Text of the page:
High Court ruling to make it harder for insurers to deny claims

High Court ruling to make it harder for insurers to deny claims | Insurance Business

High Court ruling to make it harder for insurers to deny claims
Insurers cannot deny a claim due to an insured’s act or omission if that act or omission did not cause the loss, thanks to clarity provided by a High Court ruling.

This is good news for brokers and their clients as it means the insurer is now more restricted as to what it can exclude in a policy. It also means insurers will have to prove that an insured’s act or omission is the reason behind the claim rather than simply reject a claim due to a failure to disclose something or an unrelated action. Failure to do so could see the insurer handing over a hefty pay-out.

According to Wotton +Kearney partner Patrick Boardman, in the case of Maxwell v Highway Hauliers Ltd (Maxwell), the insurers sought to exclude the loss arising from two separate truck crashes because the two drivers failed to obtain a required PAQS test score (a psychological test about safety) so cover was excluded by way of an endorsement, although that failure was accepted as not being causative of the accidents. 

The WA Court of Appeal held that the Insurance Contract Act's s54 (insurer may not refuse to pay under certain circumstances) applied to the insured’s omission and so the insurers could not deny cover on that basis. 

 “I can see why it is good news for brokers and insureds,” Boardman told Insurance Business. “It does provide them with cover which on its face may be excluded under the policy.”

“It is a problem for insurers in that there are certain risks they do not wish to underwrite but that ability to exclude risk they don’t want to underwrite is now limited.

“It could be that some underwriters may, for example, wish to not insure drunk drivers and exclude them to that affect but […] [now] it is up to the insurer to prove that the act or omission caused the accident and so are entitled to exclude. The restrictions on the risks that insurers want to cover are constrained.”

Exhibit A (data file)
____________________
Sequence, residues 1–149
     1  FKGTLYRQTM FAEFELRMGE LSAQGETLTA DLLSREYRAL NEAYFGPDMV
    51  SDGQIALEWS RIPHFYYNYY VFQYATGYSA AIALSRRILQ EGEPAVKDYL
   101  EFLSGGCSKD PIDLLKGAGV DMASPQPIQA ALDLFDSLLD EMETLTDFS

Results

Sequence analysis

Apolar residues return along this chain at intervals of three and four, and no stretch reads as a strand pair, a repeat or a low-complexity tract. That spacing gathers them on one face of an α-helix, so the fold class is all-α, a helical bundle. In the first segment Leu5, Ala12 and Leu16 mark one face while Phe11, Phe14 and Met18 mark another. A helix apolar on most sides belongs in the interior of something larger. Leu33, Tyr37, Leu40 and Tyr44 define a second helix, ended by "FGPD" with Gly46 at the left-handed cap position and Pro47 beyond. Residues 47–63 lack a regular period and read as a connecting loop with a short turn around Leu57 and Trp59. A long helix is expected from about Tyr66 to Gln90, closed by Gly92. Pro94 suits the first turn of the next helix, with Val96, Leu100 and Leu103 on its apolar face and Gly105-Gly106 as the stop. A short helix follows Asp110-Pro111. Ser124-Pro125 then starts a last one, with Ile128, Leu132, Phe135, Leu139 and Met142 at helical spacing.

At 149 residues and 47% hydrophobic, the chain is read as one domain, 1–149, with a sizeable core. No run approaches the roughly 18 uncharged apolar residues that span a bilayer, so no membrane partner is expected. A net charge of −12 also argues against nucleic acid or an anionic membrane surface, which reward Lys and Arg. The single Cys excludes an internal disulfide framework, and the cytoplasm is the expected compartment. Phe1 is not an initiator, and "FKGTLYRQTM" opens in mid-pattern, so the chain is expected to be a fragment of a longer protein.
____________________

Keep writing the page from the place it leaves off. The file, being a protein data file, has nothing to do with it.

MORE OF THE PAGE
Boardman urged insurers to make sure their guidelines are in place and “strictly adhered to”.

"If insurers had really strict guidelines in that they would not cover untested drivers, say as in Maxwell, there may be potential to say they have been prejudiced because they would never have covered that. That puts the onus back on the insurer to establish that their guidelines are always adhered to and that the underwriter had no discretion as to whether to comply or not.

“If an insurer wants to argue prejudice and argue it cannot cover certain risks, the insured could sue and could test whether the insurer adheres to the guidelines.”

Boardman said the court case has already set a precedent as the same High Court ruled that a similar case in the Queensland Court of Appeal which ruled in favour of the insurer on section 54 is incorrect.

In an earlier case of Maxwell and Johnson v Triple C Furniture & Electrical, the Court of Appeal ruled that section 54 did not apply to an insured’s failure to undertake a mandatory flight review and so when  the plane crashed, the insurer was able to deny cover because that requirement had not been met. However, the High Court said this ruling is incorrect and that all that mattered was the insurer seeking to deny or limit cover because of the insured’s act or omission occurring after the policy incepted.